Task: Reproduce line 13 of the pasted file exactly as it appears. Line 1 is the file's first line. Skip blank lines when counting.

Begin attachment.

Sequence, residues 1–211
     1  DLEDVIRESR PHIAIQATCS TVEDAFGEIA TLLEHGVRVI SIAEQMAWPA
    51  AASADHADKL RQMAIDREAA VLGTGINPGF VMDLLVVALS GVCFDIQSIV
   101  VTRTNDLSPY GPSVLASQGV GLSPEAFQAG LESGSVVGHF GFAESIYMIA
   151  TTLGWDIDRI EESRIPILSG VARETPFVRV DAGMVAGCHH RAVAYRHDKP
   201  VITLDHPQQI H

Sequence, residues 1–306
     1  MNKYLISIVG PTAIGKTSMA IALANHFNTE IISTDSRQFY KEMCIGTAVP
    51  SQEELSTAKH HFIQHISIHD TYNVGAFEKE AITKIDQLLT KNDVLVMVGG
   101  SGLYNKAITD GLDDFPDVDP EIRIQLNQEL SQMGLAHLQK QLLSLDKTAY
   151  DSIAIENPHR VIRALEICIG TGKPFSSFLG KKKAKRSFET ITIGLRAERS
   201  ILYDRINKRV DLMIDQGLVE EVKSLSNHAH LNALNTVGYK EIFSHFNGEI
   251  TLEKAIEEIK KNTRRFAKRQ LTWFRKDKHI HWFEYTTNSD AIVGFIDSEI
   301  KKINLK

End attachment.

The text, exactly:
   251  TLEKAIEEIK KNTRRFAKRQ LTWFRKDKHI HWFEYTTNSD AIVGFIDSEI